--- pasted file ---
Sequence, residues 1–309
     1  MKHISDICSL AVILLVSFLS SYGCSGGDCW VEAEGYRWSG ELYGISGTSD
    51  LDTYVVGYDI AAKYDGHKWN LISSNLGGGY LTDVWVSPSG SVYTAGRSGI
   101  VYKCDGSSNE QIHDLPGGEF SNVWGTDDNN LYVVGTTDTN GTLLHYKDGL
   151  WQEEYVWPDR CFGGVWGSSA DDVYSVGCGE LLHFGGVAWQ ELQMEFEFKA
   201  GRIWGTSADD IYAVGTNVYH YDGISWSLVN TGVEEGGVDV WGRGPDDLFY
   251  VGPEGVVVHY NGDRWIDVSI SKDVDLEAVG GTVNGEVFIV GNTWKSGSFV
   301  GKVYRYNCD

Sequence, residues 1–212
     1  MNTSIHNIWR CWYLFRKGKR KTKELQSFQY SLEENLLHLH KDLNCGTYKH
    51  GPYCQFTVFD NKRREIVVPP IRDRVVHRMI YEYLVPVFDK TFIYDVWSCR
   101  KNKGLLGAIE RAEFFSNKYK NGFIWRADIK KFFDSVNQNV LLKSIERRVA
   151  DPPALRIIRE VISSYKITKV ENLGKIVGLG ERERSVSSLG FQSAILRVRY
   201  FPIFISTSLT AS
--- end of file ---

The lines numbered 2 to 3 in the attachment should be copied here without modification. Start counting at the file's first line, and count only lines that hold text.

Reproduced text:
     1  MKHISDICSL AVILLVSFLS SYGCSGGDCW VEAEGYRWSG ELYGISGTSD
    51  LDTYVVGYDI AAKYDGHKWN LISSNLGGGY LTDVWVSPSG SVYTAGRSGI